Tierney? To the Rescue?!
In a related development, the temperature in hell is rapidly dropping.
The all-Philly bid, led by McMansion magnate Bruce Toll and advertising/PR guru Brian Tierney, advised by a cast of (very influential/monied) thousands, is within range of returning the two papers -- run by the Knight-Ridder behemoth since 1971 -- to hometown ownership at a cost somewhere in the $500 mil range.
The presence of Tierney is of particular note given: 1. his heavy involvement with Republican causes, 2. his heavy involvement with Catholic causes (he was made a Knight of St Gregory the Great in 1998) and 3. his prior role as PR consultant/DEFCON1 spokesman for the archdiocese here.
The best news of all, however, is that God's favorite paper -- the Daily News -- will be spared.
The potential deal would inaugurate a new era in Philadelphia journalism and would be very good news for the Daily News in particular, because Tierney has pledged not to close the People Paper and to instead try to use his local connections and marketing savvy to grow the newspaper and its advertising. There have been five other bidders for the Philadelphia newspapers, and at least one had threatened deep cuts to reporting staffs.More as it happens.
People familiar with the negotiations did caution that while an end to the saga -- which began when the entire Knight Ridder chain was put up for sale last fall -- appears to be finally at hand, the deal is not final.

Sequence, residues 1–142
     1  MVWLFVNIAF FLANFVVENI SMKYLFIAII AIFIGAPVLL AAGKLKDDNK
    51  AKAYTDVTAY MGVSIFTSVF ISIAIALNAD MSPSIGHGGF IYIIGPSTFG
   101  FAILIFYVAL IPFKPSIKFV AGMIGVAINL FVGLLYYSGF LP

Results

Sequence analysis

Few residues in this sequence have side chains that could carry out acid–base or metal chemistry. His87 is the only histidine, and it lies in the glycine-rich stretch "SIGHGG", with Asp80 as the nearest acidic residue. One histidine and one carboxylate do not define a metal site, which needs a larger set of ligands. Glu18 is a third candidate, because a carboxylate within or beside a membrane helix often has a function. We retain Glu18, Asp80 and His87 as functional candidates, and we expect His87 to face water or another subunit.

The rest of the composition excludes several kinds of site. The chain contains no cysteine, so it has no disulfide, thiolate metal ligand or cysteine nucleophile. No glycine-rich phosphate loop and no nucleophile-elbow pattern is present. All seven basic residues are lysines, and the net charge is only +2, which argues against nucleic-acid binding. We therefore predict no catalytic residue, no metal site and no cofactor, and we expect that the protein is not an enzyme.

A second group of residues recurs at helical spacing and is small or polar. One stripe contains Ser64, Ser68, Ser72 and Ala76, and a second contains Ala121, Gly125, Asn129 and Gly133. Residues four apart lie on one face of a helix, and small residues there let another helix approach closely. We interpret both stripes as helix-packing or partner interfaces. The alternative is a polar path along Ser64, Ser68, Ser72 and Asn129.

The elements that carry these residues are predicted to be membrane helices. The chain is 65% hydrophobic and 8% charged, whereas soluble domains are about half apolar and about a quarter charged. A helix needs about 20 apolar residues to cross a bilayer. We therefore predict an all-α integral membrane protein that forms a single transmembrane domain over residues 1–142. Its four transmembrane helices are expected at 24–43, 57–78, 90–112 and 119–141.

“Until I see something on the record, I assume it’s not a completely final deal,” said Henry Holcomb, an Inquirer reporter who is president of the local chapter of the Newspaper Guild, the union that represents newsroom employees. The Guild had partnered with another bidder, the “worker friendly” Yucaipa Cos., and Holcomb said Yucaipa has not contacted union leaders to report that it’s out of the running.
If Tierney’s Philadelphia Media Holdings is indeed successful, it would mean the newspapers will be in the hands of private owners as opposed to a public company such as Knight Ridder or McClatchy, which faces constant pressure to meet the quarterly profit demands of Wall Street. Local ownership would also buck the trend over the last half-century toward consolidation of the American media, including newspapers, in the hands of a shrinking number of conglomerates.